Dangerous Permissions and Policy Administration
Several of the protected operations for which the .NET Framework provides permissions can potentially allow the security system to be circumvented. These dangerous permissions should be given only to trustworthy code, and then only as necessary. There is usually no defense against malicious code if it is granted these permissions.
In the .NET Framework version 4, there have been important changes to the .NET Framework security model and terminology. For more information about these changes, see Security Changes in the .NET Framework 4.
The dangerous permissions are explained in the following table.
Allows managed code to call into unmanaged code, which is often dangerous.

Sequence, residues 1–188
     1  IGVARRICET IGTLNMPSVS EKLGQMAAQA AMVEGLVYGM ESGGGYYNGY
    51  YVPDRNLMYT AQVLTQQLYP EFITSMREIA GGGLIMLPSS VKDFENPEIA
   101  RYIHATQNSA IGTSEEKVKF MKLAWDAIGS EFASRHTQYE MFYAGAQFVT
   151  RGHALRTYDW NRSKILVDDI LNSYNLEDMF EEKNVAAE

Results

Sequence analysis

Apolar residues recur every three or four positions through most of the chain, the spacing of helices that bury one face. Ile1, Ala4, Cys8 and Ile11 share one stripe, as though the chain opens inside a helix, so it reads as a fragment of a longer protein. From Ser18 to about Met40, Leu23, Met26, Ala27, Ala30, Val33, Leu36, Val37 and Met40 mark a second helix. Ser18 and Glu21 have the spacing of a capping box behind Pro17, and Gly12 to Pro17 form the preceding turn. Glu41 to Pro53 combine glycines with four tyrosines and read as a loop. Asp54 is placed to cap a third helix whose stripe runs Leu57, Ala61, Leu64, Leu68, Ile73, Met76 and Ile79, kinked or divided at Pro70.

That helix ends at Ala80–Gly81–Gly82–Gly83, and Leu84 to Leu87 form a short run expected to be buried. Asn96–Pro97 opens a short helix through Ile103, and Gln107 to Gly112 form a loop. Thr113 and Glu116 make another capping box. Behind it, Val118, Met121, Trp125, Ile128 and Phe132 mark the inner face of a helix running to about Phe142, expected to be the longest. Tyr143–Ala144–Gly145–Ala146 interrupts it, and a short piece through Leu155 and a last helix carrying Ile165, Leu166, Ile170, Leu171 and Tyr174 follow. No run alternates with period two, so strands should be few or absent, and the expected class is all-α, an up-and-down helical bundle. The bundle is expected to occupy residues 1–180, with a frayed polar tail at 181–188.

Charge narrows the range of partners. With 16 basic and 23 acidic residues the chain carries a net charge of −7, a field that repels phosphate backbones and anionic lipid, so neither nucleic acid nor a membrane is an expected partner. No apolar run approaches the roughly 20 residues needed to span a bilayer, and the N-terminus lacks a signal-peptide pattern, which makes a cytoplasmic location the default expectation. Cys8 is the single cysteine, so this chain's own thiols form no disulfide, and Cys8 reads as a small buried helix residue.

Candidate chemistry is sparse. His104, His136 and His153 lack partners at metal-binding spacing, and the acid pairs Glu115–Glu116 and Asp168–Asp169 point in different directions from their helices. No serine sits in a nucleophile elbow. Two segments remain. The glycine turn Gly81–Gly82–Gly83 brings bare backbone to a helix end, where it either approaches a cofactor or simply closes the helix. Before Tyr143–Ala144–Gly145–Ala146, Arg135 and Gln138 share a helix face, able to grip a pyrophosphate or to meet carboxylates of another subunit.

Without verification, the code can do anything.
Invalidated evidence can fool security policy.
The ability to modify security policy can disable security.
The use of serialization can circumvent accessibility mechanisms. For details, see Security and Serialization.
The ability to set the current principal can trick role-based security.
Manipulation of threads is dangerous because of the security state associated with threads.
Can use private members to defeat accessibility mechanisms.